http://journals.plos.org/plosone/article?id=10.1371/journal.pone.0099466PLOS
http://www.ncbi.nlm.nih.gov/pmc/articles/PMC4057208PMC
October 2015

Severe neonatal hyperbilirubinemia in the Netherlands.

Neonatology 2013 24;104(2):137-42. Epub 2013 Jul 24.

Department of Neonatology, Beatrix Children's Hospital, University Medical Center Groningen, Groningen, the Netherlands.

Background: The occurrence of severe neonatal hyperbilirubinemia (SH) is partly attributed to nonhospitalized perinatal care. The Netherlands have a high frequency of home births and nonhospitalized perinatal care, and the incidence of SH is unknown.

Objective: To assess the effects of home births and early hospital discharge on the incidence of SH in term-born infants in the Netherlands.

Methods: In this nationwide prospective surveillance study between 2005 and 2009, infants (≥37 weeks GA) were included if total serum bilirubin (TSB) was ≥500 µmol/l or if they received an exchange transfusion when TSB was ≥340 µmol/l.

Results: Seventy-one infants had SH (incidence 10.4/100,000); 43 had a TSB ≥500 μmol/l (incidence 6.3/100,000) and 45 (63%) underwent an exchange transfusion. 26% of the infants with SH were born at home, which is similar to 22% of all term infants who are born at home in the Netherlands (p = 0.41). Maximum TSB levels were similar in infants born at home (523 ± 114 μmol/l) and infants born in hospital (510 ± 123 μmol/l; p = 0.70). Of the 51 infants born in hospital, 33 were discharged and readmitted with SH, with maximal TSB levels (567 ± 114 μmol/l), which were higher than in infants who remained hospitalized (406 ± 47 μmol/l; p = 0.0001).

Conclusion: The incidence of severe hyperbilirubinemia in term-born infants in the Netherlands is 10.4 per 100,000, which is similar to other developed countries. Home birth and early hospital discharge do not necessarily lead to a higher incidence of SH, provided that perinatal home care is well organized.
View Article and Find Full Text PDF

Download full-text PDF

Source
http://dx.doi.org/10.1159/000351274DOI Listing
March 2014

Evaluation of treatment thresholds for unconjugated hyperbilirubinemia in preterm infants: effects on serum bilirubin and on hearing loss?

PLoS One 2013 7;8(5):e62858. Epub 2013 May 7.

Division of Neonatology, Department of Pediatrics, Beatrix Children's Hospital, UMC Groningen, Groningen, The Netherlands.

Background: Severe unconjugated hyperbilirubinemia may cause deafness. In the Netherlands, 25% lower total serum bilirubin (TSB) treatment thresholds were recently implemented for preterm infants.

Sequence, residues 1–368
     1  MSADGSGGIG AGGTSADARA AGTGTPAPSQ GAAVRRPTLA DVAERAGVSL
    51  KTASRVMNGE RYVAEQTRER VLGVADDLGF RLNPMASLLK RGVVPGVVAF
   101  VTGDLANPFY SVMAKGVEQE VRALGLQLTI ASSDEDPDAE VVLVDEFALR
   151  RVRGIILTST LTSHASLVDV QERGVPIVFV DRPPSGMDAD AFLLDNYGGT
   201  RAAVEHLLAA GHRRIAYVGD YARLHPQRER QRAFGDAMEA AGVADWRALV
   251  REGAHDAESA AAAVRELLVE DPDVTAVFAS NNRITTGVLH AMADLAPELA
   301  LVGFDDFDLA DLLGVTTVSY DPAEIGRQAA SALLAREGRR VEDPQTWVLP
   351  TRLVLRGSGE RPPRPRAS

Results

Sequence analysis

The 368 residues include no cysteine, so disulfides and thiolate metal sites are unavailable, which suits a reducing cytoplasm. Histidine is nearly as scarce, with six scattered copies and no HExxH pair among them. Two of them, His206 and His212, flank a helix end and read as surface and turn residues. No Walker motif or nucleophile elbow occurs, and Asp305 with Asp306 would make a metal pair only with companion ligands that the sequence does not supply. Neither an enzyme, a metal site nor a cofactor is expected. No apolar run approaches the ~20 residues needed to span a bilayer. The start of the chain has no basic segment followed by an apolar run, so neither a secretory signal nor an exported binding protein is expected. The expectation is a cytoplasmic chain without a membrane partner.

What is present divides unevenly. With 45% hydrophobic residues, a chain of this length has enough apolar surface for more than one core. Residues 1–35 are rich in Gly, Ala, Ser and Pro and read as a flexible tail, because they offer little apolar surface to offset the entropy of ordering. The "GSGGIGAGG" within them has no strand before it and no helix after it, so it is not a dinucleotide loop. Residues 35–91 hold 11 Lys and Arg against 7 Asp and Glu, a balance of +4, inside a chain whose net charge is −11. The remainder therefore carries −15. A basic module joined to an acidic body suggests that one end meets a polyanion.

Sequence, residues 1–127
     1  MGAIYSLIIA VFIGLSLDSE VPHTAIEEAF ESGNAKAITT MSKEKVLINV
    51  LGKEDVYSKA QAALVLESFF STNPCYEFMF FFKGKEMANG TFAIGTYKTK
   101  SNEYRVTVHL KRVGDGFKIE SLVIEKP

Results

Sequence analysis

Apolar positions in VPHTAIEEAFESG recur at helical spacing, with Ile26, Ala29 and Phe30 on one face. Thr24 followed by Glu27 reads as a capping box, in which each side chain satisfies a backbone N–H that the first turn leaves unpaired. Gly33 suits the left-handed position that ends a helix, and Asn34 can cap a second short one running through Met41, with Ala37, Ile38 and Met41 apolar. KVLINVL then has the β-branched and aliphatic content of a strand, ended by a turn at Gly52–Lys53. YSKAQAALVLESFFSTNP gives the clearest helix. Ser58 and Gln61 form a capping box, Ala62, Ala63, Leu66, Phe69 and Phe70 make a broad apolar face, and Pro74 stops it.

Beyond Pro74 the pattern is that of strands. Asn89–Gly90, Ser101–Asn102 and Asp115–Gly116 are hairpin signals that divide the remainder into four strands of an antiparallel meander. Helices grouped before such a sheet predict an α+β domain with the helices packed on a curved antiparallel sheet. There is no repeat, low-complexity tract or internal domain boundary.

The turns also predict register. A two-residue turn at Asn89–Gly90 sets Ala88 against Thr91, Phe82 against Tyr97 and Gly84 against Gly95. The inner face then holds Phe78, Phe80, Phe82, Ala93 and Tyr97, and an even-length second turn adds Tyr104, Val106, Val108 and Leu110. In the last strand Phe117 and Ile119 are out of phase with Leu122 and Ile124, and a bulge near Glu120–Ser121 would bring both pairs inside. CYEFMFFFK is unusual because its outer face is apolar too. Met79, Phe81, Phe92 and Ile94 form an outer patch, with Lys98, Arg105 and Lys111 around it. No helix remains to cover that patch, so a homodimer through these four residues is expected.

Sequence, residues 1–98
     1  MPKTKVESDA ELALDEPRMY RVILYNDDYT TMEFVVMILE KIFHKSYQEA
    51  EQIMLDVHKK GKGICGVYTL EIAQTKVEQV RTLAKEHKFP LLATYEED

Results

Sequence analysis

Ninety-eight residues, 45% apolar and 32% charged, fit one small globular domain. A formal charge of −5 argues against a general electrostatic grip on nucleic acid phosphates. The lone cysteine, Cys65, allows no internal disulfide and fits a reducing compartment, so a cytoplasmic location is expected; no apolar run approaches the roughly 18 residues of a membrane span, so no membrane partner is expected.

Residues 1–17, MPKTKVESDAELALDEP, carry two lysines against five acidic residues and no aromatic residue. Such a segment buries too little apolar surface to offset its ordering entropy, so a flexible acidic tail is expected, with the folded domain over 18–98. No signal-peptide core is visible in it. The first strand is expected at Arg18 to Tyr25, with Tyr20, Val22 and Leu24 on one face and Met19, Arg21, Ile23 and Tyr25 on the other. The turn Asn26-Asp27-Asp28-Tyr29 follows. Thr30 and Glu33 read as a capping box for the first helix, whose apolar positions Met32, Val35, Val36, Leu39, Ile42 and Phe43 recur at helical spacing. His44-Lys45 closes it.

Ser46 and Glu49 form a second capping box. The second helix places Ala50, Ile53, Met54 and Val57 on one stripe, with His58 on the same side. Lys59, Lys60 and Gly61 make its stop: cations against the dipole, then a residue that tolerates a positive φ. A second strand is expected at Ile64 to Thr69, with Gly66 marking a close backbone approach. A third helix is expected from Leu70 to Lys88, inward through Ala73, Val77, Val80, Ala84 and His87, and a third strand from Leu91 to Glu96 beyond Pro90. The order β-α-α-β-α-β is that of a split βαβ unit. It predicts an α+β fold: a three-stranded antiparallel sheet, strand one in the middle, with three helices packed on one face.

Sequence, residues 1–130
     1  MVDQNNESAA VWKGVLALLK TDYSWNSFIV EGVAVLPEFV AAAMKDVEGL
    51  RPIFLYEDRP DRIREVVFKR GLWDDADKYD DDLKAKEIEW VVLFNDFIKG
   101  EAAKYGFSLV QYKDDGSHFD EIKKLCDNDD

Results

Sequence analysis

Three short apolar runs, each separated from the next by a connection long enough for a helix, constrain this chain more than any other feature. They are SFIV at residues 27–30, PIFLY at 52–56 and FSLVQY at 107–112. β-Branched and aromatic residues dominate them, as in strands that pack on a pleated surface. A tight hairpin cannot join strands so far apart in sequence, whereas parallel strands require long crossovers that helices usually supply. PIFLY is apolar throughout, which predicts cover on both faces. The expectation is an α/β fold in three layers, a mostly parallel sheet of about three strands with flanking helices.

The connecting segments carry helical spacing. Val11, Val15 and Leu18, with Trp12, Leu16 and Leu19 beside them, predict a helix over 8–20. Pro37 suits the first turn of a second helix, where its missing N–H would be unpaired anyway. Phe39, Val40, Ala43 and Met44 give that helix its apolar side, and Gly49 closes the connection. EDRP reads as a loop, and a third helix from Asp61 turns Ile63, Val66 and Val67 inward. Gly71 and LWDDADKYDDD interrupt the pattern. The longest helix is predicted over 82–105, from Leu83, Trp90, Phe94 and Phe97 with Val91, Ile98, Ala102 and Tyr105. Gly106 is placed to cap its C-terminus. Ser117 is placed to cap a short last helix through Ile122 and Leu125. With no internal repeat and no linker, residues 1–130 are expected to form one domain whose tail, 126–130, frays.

Objective: To determine the rate of hearing loss in jaundiced preterms treated at high or at low TSB thresholds.

Design/methods: In this retrospective study conducted at two neonatal intensive care units in the Netherlands, we included preterms (gestational age <32 weeks) treated for unconjugated hyperbilirubinemia at high or low TSB thresholds. Infants with major congenital malformations, syndromes, chromosomal abnormalities or toxoplasmosis, rubella, cytomegalovirus, herpes, syphilis, and human immunodeficiency infections were excluded. We analyzed clinical characteristics and TSB levels during the first ten postnatal days. After two failed automated Auditory Brainstem Response (ABR) tests we used the results of the diagnostic ABR examination to define normal, unilateral, and bilateral hearing loss (>35 dB).

Results: There were 479 patients in the high and 144 in the low threshold group. Both groups had similar gestational ages (29.5 weeks) and birth weights (1300 g). Mean and mean peak TSB levels were significantly lower after the implementation of the novel thresholds: 152 ± 43 µmol/L and 212 ± 52 µmol/L versus 131 ± 37 µmol/L and 188 ± 46 µmol/L for the high versus low thresholds, respectively (P<0.001). The incidence of hearing loss was 2.7% (13/479) in the high and 0.7% (1/144) in the low TSB threshold group (NNT = 50, 95% CI, 25-3302).

Conclusions: Implementation of lower treatment thresholds resulted in reduced mean and peak TSB levels. The incidence of hearing impairment in preterms with a gestational age <32 weeks treated at low TSB thresholds was substantially lower compared to preterms treated at high TSB thresholds. Further research with larger sample sizes and power is needed to determine if this effect is statistically significant.
View Article and Find Full Text PDF

Download full-text PDF

Source
http://journals.plos.org/plosone/article?id=10.1371/journal.pone.0062858PLOS
http://www.ncbi.nlm.nih.gov/pmc/articles/PMC3647062PMC
December 2013

High variability and low irradiance of phototherapy devices in Dutch NICUs.

Arch Dis Child Fetal Neonatal Ed 2013 Mar 18;98(2):F112-6. Epub 2012 May 18.

Department of Neonatology, Beatrix Children’s Hospital, University Medical Center Groningen, The Netherlands.

Objective: To evaluate phototherapy practices by measuring the irradiance levels of phototherapy (PT) devices.

Design: Prospective study.

Setting: Tertiary neonatal intensive care units.